However, Sultan Sanjar's birth occurred during a period characterised by unfavourable astrological alignments, and once again, he experienced the unfortunate consequences of his ill-fated circumstances. The individual neglected to do a thorough assessment of the intruders, resulting in his subsequent apprehension.
Upon the arrival of this distressing information in Neshapur, the capital city was engulfed in an overwhelming sense of sorrow that defied adequate description. The entity was now subject to the control of the opposing force. The invaders penetrated the region of Khorasan and inflicted severe damage upon the urban centres of Tus and Mashhed, advancing towards Neshapur with a force akin to a relentless tempest.
The city, which was once a thriving centre of Islamic culture and intellectual pursuits, has been reduced to a state of devastation and disarray, with all structures and artefacts completely annihilated. The demise of Khawaja's parents At an early age, Khawaja Muinuddin once again saw the distressing spectacle.
However, this was not the whole of his experience. During this particular period, the individual experienced the unfortunate loss of his paternal figure in the year 551 AD. Additionally, it is worth noting that he had previously endured the loss of his maternal figure as well. The adolescent orphan found himself in a state of solitude, assuming all responsibility for his own well-being in a society characterised by animosity, homicide, and avarice.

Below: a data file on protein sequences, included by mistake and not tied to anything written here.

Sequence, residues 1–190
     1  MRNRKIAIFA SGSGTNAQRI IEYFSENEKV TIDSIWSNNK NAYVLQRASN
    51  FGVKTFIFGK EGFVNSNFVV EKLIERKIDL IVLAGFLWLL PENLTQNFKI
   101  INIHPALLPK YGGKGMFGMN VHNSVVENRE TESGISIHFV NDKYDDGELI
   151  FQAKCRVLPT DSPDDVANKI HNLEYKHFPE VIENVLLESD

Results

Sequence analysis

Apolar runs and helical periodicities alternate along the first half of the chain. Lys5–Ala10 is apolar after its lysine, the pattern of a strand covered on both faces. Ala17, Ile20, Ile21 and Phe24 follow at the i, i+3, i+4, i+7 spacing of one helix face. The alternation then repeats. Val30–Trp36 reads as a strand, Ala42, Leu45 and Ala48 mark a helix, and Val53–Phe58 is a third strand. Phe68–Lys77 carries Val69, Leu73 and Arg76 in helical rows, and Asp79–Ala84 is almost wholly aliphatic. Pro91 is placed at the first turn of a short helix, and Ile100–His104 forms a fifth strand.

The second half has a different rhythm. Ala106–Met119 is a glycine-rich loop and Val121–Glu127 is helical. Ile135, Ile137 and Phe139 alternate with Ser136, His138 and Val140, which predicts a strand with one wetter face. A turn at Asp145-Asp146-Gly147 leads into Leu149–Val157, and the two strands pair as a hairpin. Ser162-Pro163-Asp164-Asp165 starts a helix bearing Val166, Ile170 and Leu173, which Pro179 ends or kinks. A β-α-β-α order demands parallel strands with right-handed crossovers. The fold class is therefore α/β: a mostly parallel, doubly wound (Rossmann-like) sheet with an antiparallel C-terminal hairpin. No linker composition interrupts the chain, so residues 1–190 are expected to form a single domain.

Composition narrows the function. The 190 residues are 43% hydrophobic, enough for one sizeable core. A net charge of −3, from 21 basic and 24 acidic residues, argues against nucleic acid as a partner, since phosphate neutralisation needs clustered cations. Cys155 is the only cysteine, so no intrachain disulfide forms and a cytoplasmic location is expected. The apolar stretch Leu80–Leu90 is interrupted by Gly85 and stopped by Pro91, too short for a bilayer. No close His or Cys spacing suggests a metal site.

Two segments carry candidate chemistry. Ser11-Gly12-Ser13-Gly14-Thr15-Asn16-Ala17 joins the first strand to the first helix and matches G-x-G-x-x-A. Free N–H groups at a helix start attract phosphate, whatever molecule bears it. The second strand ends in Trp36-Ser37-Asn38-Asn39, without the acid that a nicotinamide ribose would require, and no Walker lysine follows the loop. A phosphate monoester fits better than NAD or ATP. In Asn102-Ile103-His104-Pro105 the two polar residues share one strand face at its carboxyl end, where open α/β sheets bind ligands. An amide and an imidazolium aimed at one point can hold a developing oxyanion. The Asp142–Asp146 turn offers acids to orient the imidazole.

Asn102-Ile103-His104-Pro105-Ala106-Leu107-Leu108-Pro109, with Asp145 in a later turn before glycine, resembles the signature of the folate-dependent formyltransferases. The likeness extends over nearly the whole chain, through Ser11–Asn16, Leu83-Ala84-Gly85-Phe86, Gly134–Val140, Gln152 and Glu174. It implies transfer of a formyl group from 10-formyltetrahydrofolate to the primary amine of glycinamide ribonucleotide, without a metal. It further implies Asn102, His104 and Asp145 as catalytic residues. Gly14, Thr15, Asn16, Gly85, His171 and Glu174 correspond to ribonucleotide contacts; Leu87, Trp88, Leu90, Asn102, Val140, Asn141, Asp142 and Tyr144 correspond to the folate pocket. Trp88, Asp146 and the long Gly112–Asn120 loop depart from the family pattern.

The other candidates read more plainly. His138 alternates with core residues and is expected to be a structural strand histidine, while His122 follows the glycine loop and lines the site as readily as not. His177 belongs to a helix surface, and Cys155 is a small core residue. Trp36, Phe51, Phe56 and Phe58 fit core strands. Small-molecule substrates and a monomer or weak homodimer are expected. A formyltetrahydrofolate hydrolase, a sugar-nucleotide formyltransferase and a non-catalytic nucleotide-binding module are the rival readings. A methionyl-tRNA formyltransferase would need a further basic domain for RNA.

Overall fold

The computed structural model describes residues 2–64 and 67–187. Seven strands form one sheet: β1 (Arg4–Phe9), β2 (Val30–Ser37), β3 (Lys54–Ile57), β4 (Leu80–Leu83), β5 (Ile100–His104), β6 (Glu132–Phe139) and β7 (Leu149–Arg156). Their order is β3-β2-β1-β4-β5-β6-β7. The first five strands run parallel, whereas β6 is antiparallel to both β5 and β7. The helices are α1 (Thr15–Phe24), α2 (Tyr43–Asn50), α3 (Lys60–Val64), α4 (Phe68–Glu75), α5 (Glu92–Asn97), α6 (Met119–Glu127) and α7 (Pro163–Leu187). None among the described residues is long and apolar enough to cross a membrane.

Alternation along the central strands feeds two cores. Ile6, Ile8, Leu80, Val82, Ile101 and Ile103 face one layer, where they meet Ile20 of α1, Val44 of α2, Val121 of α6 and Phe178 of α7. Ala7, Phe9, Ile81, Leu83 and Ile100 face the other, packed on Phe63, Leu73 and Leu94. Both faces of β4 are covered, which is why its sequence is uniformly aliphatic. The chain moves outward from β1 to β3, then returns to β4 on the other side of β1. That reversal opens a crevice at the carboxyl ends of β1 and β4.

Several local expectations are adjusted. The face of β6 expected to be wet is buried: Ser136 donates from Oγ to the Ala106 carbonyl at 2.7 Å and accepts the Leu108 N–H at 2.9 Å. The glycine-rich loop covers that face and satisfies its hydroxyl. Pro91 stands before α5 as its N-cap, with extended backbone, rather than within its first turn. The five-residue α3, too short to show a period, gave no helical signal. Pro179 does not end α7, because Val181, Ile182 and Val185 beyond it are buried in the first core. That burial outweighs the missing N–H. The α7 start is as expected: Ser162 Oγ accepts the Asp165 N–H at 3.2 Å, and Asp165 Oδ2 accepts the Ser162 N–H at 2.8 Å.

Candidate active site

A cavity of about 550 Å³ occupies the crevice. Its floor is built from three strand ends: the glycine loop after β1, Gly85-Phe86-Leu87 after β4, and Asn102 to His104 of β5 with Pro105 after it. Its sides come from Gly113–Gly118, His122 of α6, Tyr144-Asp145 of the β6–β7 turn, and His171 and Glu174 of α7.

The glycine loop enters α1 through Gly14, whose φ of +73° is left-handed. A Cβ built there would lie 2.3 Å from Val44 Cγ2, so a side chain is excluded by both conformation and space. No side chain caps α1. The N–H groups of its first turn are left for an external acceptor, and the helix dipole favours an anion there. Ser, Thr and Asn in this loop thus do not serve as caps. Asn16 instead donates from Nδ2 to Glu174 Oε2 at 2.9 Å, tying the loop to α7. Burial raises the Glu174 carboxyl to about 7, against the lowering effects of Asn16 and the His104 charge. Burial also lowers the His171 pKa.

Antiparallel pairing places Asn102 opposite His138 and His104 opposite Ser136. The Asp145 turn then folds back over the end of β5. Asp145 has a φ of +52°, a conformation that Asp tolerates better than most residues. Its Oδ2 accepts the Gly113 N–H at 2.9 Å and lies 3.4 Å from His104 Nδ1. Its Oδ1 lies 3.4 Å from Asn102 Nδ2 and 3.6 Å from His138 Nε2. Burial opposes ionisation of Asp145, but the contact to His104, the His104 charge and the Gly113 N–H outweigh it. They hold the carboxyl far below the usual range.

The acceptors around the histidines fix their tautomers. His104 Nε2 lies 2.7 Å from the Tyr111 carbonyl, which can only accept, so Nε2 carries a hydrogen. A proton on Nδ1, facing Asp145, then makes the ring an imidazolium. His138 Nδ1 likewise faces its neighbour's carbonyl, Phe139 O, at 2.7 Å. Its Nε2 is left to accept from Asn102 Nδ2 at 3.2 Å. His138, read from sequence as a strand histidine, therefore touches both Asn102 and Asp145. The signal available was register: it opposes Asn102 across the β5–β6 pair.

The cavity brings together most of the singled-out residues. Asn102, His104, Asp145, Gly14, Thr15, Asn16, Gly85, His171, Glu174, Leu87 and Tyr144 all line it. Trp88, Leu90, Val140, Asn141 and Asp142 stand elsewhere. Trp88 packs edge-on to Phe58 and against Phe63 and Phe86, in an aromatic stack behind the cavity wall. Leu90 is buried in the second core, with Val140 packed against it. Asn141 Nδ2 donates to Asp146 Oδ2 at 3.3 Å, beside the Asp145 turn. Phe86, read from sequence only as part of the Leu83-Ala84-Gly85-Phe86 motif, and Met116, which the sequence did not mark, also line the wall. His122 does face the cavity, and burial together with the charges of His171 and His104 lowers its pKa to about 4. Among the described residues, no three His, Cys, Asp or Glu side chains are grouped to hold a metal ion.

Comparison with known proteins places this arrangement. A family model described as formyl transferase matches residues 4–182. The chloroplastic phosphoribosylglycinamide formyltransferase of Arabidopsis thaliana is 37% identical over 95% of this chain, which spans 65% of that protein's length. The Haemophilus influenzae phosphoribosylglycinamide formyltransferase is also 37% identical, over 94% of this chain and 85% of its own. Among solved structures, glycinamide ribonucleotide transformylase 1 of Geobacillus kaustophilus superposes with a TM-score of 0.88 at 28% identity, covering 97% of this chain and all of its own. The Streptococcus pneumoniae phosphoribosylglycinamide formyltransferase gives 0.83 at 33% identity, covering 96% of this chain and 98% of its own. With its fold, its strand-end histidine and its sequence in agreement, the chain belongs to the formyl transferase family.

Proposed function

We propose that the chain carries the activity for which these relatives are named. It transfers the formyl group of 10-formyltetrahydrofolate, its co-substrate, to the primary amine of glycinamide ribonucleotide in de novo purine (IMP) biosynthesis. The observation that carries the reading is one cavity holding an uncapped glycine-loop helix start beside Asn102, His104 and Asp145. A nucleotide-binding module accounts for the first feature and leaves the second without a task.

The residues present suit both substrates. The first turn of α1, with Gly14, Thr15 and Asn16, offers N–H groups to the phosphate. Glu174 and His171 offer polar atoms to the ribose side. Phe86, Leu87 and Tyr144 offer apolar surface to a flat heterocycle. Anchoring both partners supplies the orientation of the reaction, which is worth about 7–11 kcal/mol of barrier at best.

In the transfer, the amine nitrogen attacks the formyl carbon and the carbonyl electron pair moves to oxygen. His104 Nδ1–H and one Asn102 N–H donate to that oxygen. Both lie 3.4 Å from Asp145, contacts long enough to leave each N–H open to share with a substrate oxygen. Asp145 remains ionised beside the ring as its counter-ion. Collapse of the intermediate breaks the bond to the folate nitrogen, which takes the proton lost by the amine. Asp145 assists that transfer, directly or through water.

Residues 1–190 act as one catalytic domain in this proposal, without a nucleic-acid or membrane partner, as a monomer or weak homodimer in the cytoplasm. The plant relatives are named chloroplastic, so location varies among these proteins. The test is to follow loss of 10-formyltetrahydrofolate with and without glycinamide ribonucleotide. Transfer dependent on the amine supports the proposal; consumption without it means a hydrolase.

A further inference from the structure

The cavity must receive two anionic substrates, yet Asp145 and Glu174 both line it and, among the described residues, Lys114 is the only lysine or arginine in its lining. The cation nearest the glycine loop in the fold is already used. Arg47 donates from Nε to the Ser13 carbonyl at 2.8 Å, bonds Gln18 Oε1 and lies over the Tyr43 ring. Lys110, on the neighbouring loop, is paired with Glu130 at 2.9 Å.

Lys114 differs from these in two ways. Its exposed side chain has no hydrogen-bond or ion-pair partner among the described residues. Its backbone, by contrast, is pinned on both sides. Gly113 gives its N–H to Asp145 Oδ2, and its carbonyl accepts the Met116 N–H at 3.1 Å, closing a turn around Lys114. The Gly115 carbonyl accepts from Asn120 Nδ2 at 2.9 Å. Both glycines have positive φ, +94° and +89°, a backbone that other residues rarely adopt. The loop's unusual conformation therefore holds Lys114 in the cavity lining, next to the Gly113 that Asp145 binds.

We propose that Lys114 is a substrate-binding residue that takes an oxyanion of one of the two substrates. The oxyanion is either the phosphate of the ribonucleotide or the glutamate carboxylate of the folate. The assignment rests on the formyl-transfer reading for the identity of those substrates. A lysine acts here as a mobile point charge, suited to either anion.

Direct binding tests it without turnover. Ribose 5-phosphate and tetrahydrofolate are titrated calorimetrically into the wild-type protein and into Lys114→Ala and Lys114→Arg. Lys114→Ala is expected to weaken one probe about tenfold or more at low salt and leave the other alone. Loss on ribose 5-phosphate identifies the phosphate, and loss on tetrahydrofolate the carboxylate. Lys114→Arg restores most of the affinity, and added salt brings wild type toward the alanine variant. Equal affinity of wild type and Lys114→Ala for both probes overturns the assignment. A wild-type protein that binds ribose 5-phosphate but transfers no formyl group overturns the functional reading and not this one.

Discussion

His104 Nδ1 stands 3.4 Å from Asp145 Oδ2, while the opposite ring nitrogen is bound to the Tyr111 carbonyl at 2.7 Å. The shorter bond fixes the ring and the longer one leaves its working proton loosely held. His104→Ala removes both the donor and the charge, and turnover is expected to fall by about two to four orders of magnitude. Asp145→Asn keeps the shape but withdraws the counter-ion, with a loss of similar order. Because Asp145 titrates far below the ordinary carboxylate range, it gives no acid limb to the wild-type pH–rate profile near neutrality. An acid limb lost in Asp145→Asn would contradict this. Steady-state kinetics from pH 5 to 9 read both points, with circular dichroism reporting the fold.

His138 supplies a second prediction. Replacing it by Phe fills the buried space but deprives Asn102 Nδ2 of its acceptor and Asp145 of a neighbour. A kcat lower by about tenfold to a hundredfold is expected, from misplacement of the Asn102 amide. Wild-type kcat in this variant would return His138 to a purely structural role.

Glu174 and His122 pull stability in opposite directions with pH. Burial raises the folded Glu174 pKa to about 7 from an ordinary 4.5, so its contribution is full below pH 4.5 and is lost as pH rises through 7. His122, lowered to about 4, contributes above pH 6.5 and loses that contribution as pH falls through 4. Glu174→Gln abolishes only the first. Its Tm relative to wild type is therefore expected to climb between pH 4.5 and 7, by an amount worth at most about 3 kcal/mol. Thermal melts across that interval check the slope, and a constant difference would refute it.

Due to the inheritance he received, the individual has sufficient financial wealth to maintain his customary lifestyle. However, the sack of Neshapur, along with the unfortunate demise of his beloved parents, prompted him to engage in profound contemplation.
Occasionally, the individual had a profound sense of sorrow and saw a very indistinct depiction of the distressing state of the world, but he endured it with bravery and commendable patience. The individual in question had a diligent work ethic throughout his childhood, dedicating himself to the care and maintenance of his orchard.
He personally undertook the tasks of pruning and irrigating the trees, using his own hands for these endeavours. Another unexpected surprise Barely a year had elapsed subsequent to the death of Khawaja Muinuddin's father, when the disruptive Tartars once again pillaged Khorasan, perpetuating a recurring cycle of violent acts including homicide, incendiarism, and plunder.
On this occasion, Sultan Mahmood, a sibling of Sultan Sanjar, had the responsibility of assessing the intruders; however, he was also unsuccessful in dispersing them. Once again, Neshapur became the setting for these horrible events. Furthermore, Khawaja Muinuddin was profoundly disheartened by the sight of such catastrophic destruction.